Abstract: The US Army Corps of Engineers, Galveston District, is executing the Sabine Pass to Galveston Bay Coastal Storm Risk Management (CSRM) project for Brazoria, Jefferson, and Orange Counties regions. The project is currently in the Pre-construction, Engineering, and Design phase. This report documents coastal storm water level and wave hazards for the Port Arthur CSRM structures. Coastal storm water level (SWL) and wave loading and overtopping are quantified using high-fidelity hydrodynamic modeling and stochastic simulations. The CSTORM coupled water level and wave modeling system simulated 195 synthetic tropical storms on three relative sea level change scenarios for with- and without-project meshes. Annual exceedance probability (AEP) mean values were reported for the range of 0.2 to 0.001 for peak SWL and wave height (Hm0) along with associated confidence limits. Wave period and mean wave direction associated with Hm0 were also computed. A response-based stochastic simulation approach is applied to compute AEP runup and overtopping for levees and overtopping, nappe geometry, and combined hydrostatic and hydrodynamic fluid pressures for floodwalls. CSRM structure crest design elevations are defined based on overtopping rates corresponding to incipient damage. Survivability and resilience are evaluated. A system-wide hazard level assessment was conducted to establish final recommended system-wide CSRM structure elevations.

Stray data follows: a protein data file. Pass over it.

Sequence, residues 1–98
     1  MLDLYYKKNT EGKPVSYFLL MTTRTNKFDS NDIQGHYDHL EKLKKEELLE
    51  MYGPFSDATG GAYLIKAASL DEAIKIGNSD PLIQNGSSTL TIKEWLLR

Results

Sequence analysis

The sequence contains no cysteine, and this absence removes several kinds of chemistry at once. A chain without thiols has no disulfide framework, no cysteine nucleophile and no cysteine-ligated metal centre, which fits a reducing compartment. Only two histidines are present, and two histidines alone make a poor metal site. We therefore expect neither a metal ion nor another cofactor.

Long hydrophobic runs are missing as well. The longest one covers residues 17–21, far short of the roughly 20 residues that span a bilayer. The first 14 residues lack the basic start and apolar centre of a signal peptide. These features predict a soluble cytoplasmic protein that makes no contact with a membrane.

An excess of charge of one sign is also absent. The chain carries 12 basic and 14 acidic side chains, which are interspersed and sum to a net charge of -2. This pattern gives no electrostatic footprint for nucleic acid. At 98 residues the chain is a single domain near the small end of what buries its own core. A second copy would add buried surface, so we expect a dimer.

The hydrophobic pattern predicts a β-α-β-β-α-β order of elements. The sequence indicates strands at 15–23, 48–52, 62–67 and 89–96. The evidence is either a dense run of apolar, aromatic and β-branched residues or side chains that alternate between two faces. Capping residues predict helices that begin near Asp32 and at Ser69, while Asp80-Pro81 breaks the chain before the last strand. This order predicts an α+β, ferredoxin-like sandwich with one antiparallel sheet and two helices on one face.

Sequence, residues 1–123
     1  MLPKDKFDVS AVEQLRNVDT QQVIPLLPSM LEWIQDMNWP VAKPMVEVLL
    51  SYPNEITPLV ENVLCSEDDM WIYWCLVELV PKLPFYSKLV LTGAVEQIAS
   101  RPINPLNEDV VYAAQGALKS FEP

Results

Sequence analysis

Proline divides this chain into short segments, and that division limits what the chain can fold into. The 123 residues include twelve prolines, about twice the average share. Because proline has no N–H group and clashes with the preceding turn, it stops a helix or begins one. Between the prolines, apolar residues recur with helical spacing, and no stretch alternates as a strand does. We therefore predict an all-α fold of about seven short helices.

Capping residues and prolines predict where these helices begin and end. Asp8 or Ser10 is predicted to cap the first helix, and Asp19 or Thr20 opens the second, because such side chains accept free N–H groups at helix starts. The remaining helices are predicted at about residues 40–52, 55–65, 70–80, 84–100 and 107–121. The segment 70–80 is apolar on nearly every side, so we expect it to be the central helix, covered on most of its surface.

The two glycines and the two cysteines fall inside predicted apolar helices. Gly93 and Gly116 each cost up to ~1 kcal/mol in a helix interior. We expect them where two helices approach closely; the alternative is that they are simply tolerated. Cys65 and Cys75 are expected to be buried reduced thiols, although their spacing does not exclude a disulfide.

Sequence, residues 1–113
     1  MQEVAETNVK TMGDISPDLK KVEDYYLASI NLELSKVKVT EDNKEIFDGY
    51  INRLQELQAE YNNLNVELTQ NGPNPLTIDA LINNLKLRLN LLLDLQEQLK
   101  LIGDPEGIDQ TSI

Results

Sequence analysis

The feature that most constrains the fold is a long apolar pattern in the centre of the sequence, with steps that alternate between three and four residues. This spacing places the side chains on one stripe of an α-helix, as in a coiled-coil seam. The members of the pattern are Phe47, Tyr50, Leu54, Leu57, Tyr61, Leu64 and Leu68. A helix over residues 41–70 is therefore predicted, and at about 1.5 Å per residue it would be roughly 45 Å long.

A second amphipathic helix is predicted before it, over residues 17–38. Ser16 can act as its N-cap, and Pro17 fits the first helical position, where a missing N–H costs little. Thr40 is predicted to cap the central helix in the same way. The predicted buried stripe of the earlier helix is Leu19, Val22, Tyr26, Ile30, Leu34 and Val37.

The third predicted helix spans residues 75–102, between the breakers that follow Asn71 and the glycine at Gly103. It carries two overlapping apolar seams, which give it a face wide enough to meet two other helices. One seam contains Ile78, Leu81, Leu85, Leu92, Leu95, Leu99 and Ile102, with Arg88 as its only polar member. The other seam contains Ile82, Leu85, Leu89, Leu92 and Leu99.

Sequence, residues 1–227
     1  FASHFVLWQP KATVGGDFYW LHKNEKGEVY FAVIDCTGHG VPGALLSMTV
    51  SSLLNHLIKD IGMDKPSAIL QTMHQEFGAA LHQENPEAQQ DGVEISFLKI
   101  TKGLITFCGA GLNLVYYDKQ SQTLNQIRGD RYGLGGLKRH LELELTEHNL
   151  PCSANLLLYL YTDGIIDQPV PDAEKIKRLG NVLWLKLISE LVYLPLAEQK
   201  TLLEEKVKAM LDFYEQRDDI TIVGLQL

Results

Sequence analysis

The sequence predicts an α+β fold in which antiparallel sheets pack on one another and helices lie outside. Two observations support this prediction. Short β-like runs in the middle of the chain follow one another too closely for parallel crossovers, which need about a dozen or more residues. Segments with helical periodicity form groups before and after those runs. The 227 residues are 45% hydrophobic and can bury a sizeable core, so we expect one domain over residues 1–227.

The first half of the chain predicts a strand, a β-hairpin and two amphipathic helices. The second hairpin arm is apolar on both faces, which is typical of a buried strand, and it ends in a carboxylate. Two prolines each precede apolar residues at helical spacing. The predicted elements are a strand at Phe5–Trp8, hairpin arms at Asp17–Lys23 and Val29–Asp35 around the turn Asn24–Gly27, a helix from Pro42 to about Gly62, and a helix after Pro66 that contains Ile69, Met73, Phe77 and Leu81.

• Expert Elicitation Workshop for Planning Wetland and Reef Natural and Nature-Based Features (NNBF) Futures